H&M wants to make all of their products more sustainable, “piece by piece, all the way from the cotton farm” (p. 13). Promoting conscious choices in the design process is part of this strategy. H&M also works to increase the sustainability performance of their supplier factories, such as in Asia and other parts of the world. In addition, supply chain transparency is high on the agenda. As of 2014, 35 % of H&M’s all products have fabrics and yarns suppliers that were part of the public supplier factory list, according to the Report.
3. Increased use of more sustainable materials in production
Another strategy of H&M is to increase the share of more sustainable materials that are used in production in relation to the total materials used. This may be certified organic fibers (of cotton, linen or wool), better cotton, or recycled fibers (for example recycled polyester). In terms of cotton, H&M aims to increase the percentage of “better cotton” (BCI), certified organic cotton, and recycled cotton used in production. H&M also works to increase its total share of recycled polyester. During 2014, H&M used recycled polyester corresponding to almost 40 million PET bottles. As stated in the Report, “we are constantly on the lookout for innovative materials and processes that can make our products more sustainable” (p. 16).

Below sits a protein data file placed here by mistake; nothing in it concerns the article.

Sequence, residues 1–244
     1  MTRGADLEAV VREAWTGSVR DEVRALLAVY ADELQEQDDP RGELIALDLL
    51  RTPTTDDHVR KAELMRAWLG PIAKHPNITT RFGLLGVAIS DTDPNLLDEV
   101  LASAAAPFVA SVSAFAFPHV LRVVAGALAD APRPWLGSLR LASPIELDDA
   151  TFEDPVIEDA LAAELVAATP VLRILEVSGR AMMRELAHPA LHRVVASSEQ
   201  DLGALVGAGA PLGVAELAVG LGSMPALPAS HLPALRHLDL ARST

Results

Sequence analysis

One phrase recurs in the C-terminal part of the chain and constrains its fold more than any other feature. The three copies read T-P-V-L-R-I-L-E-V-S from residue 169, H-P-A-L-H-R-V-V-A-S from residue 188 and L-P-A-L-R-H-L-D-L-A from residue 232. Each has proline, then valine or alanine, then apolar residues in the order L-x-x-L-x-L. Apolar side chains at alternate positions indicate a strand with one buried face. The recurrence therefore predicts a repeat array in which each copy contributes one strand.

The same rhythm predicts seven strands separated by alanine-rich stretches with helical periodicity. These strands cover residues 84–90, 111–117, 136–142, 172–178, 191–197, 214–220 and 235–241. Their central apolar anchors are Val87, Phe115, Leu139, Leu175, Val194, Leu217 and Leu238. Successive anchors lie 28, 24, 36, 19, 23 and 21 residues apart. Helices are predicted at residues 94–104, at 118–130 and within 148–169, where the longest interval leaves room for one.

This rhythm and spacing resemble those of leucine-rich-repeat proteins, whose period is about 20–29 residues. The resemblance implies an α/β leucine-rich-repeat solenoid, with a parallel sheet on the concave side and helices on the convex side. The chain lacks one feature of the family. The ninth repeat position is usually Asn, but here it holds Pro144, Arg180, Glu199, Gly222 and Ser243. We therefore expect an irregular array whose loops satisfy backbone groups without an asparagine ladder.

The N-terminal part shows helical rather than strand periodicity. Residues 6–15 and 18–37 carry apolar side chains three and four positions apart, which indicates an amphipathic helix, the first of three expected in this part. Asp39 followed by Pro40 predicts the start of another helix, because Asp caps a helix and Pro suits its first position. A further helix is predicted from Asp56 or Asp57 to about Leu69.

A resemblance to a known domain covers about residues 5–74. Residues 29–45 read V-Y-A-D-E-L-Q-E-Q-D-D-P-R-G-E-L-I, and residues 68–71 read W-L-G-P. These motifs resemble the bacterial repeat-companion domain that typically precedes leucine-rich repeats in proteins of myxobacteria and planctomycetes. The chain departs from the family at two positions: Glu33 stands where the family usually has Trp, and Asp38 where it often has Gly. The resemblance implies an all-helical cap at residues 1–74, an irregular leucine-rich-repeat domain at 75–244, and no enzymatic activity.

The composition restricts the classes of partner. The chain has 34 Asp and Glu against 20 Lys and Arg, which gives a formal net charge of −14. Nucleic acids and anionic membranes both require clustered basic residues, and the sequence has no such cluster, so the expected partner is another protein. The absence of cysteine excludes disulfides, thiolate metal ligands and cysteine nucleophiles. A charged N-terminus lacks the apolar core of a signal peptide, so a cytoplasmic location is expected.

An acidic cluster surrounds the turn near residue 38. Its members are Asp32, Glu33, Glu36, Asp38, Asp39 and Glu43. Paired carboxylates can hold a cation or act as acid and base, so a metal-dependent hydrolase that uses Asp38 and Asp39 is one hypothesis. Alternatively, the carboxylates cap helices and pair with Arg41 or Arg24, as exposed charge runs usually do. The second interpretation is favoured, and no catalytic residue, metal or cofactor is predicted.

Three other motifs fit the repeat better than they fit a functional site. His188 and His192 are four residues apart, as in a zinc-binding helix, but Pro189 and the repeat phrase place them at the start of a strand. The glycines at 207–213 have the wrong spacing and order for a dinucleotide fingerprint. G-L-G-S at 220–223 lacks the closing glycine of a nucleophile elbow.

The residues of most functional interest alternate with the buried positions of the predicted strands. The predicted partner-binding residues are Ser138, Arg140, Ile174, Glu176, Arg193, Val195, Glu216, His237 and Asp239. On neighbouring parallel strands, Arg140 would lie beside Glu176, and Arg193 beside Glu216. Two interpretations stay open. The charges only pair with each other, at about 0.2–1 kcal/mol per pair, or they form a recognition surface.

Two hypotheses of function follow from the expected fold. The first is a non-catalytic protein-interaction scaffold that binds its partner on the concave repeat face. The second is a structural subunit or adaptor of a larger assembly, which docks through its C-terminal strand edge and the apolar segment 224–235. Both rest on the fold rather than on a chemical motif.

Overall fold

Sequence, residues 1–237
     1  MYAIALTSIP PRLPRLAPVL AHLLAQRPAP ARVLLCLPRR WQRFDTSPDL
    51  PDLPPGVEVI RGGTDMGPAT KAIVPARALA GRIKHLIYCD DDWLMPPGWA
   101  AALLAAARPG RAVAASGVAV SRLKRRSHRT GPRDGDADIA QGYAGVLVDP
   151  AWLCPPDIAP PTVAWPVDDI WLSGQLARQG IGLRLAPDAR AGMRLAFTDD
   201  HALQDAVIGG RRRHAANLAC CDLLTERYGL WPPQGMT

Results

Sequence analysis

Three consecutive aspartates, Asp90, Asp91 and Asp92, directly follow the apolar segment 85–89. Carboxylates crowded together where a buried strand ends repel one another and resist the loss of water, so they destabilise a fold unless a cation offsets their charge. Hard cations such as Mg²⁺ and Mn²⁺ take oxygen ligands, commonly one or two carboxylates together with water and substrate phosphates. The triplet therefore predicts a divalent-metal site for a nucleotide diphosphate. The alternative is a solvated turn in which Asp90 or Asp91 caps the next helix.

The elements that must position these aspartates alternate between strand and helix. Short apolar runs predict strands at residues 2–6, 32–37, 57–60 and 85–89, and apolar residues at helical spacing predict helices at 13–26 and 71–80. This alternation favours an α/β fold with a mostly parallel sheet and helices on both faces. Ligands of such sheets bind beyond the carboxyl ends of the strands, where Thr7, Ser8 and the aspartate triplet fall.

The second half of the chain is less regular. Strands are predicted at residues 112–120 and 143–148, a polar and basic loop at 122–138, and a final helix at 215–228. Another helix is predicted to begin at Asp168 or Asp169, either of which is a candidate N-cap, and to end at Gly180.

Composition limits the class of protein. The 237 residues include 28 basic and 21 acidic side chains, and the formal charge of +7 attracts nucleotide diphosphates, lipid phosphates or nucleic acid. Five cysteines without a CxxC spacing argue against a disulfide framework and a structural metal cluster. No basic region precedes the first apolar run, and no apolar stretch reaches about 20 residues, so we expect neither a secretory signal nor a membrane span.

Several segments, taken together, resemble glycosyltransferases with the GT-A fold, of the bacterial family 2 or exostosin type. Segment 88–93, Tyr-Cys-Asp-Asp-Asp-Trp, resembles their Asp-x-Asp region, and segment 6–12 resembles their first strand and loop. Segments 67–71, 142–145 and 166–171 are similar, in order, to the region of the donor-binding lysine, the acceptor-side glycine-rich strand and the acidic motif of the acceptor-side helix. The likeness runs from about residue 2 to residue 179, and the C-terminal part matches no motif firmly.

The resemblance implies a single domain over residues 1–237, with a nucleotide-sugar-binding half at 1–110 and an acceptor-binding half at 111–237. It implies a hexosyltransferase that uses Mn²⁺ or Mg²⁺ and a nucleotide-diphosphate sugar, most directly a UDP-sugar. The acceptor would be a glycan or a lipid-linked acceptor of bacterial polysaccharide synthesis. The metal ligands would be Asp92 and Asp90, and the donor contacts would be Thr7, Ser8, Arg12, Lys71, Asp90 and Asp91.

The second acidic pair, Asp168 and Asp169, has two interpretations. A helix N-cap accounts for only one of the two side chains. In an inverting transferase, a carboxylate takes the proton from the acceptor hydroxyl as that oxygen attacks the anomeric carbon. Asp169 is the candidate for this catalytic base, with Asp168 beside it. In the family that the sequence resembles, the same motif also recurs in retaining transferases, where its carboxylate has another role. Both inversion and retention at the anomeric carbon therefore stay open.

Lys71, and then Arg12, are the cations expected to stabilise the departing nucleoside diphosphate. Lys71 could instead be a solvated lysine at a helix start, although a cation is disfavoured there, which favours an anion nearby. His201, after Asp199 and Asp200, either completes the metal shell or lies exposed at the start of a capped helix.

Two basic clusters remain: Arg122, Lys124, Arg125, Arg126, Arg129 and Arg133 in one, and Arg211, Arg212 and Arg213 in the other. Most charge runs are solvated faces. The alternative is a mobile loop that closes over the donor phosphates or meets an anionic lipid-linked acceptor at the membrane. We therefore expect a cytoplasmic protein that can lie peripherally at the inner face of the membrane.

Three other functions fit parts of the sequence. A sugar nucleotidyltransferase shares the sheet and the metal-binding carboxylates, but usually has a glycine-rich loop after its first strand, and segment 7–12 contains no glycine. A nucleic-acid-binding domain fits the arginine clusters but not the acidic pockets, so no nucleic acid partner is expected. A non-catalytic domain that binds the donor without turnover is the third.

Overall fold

The collection Conscious Exclusive 2015 is another action by H&M towards a more sustainable fashion future. With this, “we want to show that sustainable fashion is ready for the red carpet”. The permanent Conscious range, however, is available for a broader range of items all year long. In 2014, H&M also launched its first Conscious Denim collection, which is made of more sustainable materials (such as organic or recycled cotton), and also uses on average 56% less water and 58% less energy than comparable denim.
4. Reduction in greenhouse gas emissions and electricity use
Furthermore, H&M aims to reduce the total amount of carbon dioxide emitted annually across its supply chains. H&M also works to reduce the amount electricity used in brand stores per year. “We will further reduce our climate impacts by going all in for renewable electricity wherever this is credibly available and feasible already by 2015.” (p. 69)